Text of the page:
Nokia and Intel have become allies in a new clash of the operating systems with the joint creation of MeeGo. MeeGo is an operating system that blurs the line between a robust mobile phone OS and a lightweight netbook OS.
MeeGo is a hybrid of two operating systems. One is Nokia's Maemo, which recently appeared in the N900 smartphone. The second is Intel's Moblin, an OS primarily intended for netbooks. Both platforms are open-source and Linux-based, as MeeGo will be.
MeeGo is intended for advanced smartphones, tablets, netbooks, in-vehicle technology and even connected televisions. It supports ARM architectures -- commonly used in advanced smartphones and smartbooks -- and Intel's Atom processor. The first devices should launch in the second half of 2010.
We can only imagine what MeeGo will look and act like, but it's interesting that Intel and Nokia are targeting a range of mobile devices that aren't necessarily smartphones or notebooks. MeeGo is intended for a new OS category that doesn't yet have a name -- revolving around tablets but not specifically for them.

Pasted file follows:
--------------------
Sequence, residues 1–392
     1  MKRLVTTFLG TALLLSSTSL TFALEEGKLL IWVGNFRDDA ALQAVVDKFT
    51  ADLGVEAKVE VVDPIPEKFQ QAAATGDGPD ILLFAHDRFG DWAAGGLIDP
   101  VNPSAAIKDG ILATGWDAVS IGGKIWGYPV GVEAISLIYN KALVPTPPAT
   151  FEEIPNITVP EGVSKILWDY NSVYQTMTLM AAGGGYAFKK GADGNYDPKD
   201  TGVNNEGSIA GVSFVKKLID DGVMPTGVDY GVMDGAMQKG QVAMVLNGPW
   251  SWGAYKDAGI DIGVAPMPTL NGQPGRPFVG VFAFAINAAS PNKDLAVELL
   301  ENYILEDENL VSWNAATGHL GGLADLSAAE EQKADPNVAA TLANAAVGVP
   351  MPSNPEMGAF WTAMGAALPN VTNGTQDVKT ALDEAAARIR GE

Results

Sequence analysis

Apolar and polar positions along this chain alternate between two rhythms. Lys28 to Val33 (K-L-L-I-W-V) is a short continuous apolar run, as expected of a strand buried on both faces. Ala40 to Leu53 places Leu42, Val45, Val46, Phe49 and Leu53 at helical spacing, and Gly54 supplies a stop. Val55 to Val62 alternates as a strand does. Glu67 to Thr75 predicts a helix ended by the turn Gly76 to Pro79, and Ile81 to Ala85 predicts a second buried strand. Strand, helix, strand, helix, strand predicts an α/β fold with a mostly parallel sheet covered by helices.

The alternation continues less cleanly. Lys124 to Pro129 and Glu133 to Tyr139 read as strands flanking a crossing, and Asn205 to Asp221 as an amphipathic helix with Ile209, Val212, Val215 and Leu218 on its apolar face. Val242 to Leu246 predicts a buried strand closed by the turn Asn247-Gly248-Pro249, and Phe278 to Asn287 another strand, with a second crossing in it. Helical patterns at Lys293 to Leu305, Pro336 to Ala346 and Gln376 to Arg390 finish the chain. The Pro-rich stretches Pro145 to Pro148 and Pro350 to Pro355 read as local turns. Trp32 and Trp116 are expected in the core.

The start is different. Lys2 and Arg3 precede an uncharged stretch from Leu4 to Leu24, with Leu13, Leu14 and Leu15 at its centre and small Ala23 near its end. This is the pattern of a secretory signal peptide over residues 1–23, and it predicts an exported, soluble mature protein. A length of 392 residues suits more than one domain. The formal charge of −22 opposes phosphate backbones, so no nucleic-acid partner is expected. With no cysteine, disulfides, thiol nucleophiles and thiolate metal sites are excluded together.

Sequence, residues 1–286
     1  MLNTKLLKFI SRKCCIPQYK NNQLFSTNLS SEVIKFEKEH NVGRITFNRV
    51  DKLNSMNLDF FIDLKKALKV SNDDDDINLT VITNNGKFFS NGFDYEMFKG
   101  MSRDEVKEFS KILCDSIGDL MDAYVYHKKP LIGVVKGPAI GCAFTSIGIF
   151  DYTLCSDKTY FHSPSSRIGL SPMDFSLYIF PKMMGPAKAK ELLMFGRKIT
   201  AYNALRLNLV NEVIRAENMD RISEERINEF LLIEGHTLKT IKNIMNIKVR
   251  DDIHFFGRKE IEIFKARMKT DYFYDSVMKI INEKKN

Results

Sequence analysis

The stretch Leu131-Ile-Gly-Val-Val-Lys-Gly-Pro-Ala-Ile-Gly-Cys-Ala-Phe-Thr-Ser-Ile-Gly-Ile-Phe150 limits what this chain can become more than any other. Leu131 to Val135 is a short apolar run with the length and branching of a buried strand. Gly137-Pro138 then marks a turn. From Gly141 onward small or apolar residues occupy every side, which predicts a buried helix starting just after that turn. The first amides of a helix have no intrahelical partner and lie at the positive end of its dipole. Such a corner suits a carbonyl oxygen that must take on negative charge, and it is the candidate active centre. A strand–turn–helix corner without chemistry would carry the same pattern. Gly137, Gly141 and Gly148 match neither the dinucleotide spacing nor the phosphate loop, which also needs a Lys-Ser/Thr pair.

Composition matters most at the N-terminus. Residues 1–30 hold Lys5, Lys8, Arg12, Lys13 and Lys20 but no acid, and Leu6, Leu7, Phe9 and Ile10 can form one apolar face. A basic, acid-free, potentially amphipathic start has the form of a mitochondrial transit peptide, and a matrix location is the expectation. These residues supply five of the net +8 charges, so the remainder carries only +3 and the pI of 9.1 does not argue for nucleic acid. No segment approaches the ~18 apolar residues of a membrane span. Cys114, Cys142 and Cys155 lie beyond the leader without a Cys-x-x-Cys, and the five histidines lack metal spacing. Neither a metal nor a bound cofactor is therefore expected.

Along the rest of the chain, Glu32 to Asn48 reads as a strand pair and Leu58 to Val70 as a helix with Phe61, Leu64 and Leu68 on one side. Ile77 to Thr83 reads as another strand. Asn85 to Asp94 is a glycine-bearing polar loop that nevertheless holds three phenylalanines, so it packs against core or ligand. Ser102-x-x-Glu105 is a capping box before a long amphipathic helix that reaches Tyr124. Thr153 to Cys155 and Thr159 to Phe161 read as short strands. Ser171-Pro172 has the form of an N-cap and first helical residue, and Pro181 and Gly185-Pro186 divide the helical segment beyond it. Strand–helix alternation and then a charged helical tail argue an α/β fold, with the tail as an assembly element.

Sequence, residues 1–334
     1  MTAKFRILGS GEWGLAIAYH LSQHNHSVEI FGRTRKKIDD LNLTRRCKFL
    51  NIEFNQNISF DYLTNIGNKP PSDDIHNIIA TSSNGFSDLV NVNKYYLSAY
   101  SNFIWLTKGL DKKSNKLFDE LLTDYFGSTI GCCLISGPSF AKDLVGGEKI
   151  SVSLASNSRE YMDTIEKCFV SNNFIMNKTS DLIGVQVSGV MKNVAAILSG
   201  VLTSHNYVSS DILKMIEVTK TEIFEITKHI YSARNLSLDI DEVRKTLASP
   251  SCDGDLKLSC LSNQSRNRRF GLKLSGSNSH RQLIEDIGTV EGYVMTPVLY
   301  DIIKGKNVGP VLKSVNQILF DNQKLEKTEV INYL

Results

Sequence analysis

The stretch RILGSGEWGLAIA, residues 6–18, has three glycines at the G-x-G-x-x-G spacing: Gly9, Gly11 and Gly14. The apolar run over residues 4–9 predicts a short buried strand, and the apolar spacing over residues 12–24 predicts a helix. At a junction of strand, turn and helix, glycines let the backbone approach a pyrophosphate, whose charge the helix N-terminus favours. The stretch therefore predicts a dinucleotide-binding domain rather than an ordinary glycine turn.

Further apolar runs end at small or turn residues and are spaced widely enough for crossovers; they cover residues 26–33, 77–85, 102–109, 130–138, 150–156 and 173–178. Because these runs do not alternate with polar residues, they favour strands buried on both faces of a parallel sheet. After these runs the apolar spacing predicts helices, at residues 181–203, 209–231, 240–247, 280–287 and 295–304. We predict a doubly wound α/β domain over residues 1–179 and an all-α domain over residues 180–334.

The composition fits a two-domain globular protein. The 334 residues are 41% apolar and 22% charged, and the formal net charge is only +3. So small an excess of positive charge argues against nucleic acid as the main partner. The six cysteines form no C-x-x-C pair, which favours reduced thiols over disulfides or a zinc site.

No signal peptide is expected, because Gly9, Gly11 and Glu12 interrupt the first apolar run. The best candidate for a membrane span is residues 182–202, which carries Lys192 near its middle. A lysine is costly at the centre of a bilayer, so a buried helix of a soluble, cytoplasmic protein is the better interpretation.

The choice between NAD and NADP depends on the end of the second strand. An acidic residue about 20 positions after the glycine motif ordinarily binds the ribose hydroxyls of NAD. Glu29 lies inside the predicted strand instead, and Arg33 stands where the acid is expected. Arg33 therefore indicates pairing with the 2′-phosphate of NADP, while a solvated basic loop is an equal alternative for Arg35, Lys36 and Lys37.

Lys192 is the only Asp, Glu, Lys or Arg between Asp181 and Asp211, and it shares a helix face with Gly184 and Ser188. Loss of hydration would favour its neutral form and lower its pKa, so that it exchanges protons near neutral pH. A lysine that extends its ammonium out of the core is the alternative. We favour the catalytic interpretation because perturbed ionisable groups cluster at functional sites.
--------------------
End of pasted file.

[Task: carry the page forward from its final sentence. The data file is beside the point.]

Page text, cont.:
The competition has taken a different approach of scaling its existing operating systems. Apple tweaked its iPhone OS to support the iPad. Other tablet designers are trying to make Android work. Microsoft is trying to cram Windows 7 Starter onto netbooks and tablets, such as the Archos 9 and an unnamed HP tablet. Meanwhile, Lenovo has gone rogue, creating its own operating systems for the Skylight smartbook and the tablet portion of its IdeaPad U1.
Google's strategy with Chrome OS might be the most similar to that of MeeGo. So far, Google has only discussed Chrome OS in the context of netbooks, but like MeeGo, it supports both X86 and ARM architectures. That opens the door to tablets, smartbooks and smartphones.
MeeGo's Web site says the source code, and hopefully more information, will become available in the coming weeks, but I'm most curious about who will use the OS. If other manufacturers besides Nokia are willing to put MeeGo on their mobile devices, it could be a worthy competitor to offerings from Apple, Google, and Microsoft.